Theoretical and Computational Chemistry
Research in my group seeks to understand the interplay between geometric structure of molecules and solids, their electronic structure, and physicochemical properties. We are developing new methods and algorithms for finding global minima on potential energy surfaces of molecules and solids. We design new materials with potential applications as energy storage media, new heterogeneous catalysts, and fundamental elements of semiconductor devices. We study elementary chemical processes driven by excess charge.
1. Electron-Driven Acid-Base Chemistry
Low energy electrons are responsible for a variety of deleterious effects in biological systems. In the course of collaborative studies with the experimental group of Kit Bowen, we demonstrated that the excess electron attachment to complexes of nucleic acid bases (B) with weak acids (HA) might lead to a barrier-free intermolecular proton transfer: B- + HA --> (BH·)A-. More recently we demonstrated that the radical BH· can trigger strand breaks in DNA, with kinetic barriers smaller than 5 kcal/mol. (NH3+HX)- --> (NH4+…X-)-, where X is a halogen, has recently been studied by us in great detail.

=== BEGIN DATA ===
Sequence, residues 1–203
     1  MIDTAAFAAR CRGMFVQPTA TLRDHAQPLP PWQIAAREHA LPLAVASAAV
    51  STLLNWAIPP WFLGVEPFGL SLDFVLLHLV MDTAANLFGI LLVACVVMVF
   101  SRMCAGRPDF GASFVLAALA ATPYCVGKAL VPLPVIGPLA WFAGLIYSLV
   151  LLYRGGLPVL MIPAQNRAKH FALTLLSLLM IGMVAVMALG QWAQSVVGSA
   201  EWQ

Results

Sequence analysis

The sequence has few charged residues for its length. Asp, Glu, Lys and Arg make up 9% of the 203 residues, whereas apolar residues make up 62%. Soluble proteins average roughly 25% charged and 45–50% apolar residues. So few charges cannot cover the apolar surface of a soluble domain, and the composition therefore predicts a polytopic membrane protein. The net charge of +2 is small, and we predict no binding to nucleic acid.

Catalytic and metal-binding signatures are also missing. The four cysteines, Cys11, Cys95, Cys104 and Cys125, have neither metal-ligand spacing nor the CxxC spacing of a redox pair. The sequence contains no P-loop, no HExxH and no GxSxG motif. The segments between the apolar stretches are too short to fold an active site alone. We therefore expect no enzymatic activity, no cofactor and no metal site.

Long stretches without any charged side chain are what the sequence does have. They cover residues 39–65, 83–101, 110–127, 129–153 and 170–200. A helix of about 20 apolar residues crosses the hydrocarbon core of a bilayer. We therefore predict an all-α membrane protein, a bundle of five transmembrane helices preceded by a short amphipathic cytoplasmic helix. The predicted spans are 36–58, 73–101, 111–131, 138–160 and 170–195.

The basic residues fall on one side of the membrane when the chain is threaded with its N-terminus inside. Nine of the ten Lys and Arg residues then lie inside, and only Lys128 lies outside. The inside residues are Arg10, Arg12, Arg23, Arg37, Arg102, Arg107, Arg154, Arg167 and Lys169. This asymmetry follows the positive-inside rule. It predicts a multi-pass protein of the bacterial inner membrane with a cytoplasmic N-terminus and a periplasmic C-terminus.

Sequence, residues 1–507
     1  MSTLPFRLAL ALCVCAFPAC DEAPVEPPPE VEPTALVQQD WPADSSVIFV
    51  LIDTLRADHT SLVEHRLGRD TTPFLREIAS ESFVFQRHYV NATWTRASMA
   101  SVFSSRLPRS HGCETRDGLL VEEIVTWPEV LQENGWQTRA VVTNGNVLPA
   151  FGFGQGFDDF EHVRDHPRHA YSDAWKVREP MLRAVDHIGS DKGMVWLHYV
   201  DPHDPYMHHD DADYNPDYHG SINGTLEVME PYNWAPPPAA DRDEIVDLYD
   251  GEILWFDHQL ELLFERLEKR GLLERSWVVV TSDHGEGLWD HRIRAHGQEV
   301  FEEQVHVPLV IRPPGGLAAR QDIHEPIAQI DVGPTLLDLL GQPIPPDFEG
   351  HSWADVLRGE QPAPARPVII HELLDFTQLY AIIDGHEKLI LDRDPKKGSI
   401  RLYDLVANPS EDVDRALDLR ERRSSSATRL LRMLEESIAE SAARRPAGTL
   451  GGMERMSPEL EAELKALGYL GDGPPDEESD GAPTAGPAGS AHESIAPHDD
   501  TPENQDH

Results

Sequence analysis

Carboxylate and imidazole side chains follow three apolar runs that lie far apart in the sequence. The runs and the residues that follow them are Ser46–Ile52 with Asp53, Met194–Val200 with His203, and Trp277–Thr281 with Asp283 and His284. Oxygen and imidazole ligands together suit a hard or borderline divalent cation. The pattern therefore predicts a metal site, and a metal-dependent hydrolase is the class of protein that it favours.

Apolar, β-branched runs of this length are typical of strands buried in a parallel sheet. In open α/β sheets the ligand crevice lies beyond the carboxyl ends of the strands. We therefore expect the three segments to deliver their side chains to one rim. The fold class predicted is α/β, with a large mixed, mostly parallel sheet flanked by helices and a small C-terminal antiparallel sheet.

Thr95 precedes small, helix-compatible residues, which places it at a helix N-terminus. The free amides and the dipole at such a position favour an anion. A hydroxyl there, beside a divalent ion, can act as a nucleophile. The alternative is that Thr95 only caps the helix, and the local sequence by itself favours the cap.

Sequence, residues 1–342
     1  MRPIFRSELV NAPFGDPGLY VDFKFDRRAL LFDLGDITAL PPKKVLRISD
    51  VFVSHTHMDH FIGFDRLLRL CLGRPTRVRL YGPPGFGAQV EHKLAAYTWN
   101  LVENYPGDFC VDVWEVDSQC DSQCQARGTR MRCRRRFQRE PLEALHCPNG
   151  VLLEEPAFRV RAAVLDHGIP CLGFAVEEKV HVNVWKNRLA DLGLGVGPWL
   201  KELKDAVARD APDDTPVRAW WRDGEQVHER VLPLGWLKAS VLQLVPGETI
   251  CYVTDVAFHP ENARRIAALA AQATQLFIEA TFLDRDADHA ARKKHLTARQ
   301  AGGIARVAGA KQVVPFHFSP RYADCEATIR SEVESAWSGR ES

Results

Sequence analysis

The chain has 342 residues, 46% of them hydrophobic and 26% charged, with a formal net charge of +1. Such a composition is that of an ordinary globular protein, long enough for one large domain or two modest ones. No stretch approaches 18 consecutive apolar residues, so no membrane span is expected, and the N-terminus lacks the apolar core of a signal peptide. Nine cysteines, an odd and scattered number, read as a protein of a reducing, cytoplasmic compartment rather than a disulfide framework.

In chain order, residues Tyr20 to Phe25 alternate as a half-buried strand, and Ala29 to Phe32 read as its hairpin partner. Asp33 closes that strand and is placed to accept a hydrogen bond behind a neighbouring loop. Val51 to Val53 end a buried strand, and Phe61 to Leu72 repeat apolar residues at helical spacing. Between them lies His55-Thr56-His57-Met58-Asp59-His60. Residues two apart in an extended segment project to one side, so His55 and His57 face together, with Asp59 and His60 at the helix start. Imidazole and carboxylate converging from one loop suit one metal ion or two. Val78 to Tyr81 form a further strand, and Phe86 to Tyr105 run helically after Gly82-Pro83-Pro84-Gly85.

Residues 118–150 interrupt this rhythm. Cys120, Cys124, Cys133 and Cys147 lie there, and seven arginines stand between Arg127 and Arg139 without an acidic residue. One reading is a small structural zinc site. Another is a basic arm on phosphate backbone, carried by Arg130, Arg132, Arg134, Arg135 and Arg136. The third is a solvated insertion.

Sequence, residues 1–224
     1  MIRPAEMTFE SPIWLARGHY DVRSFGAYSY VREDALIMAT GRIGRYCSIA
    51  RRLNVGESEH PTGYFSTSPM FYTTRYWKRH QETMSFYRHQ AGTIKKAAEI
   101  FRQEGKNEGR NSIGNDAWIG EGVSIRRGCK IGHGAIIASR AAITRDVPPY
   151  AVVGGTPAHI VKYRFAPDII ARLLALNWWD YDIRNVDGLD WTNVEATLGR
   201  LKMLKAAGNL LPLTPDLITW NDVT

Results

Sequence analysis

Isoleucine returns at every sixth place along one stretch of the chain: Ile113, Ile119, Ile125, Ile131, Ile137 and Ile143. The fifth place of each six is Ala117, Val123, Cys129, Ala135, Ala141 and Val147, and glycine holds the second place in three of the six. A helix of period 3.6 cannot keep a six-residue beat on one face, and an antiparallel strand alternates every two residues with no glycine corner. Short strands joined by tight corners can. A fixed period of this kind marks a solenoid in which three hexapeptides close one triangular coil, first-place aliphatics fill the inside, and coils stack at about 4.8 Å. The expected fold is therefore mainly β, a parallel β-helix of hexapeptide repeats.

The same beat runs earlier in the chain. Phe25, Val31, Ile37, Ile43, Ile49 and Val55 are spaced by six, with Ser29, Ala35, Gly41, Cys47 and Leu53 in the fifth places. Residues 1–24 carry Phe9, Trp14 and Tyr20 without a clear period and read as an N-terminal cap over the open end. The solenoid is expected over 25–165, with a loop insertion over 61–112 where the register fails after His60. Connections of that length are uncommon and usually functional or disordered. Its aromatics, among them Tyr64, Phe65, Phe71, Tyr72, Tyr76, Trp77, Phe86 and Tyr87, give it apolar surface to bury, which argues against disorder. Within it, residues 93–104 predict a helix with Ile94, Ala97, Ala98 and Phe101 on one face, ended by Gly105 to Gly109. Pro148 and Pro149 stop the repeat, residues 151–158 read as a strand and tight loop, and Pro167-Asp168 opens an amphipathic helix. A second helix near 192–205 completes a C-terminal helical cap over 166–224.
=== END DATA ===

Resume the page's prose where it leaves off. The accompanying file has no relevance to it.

Figure 1. Elementary step of intermolecular proton transfer can be triggered by an excess electron.
2. Hierarchical Hydrogen Storage: Hydrogen Clathrates of Ammonia Borane
The concept of hierarchical hydrogen storage is illustrated by clathrates built from ammonia borane (AB) and loaded with molecular hydrogen. These materials would have two levels of hydrogen storage: (i) physisorbed H2 and (ii) hydrogen chemically bound in AB. The advantages of these materials would be: (i) fast kinetics of release of physisorbed hydrogen, and (ii) high hydrogen density. We predicted stability of hydrogen clathrates of ammonia borane at ambient pressure and T=77 K.
Figure 2. Hierarchical hydrogen storage in clathrates of ammonia borane: two levels of hydrogen storage: physisorbed molecular hydrogen (fast rate of release) and hydrogen chemically bound in ammonia borane (slow rate of release).
3. Combinatorial-Computational Methods
Over the last few years we have been developing combinatorial-computational methods. The approach involves three steps: (i) combinatorial generation of a library of molecular “suspects”, (ii) determination of “fitness” of each suspect using electronic structure methods, and (iii) extraction of chemical rules from the properties of members of the library. This approach has been used to find the most stable tautomers and conformers of molecules.
Figure 3. Search for the most stable conformers of a molecule can be performed using a computational method developed in our group. A user specifies which bonds will be rotated and with which increments and a library of initial structures is automatically created.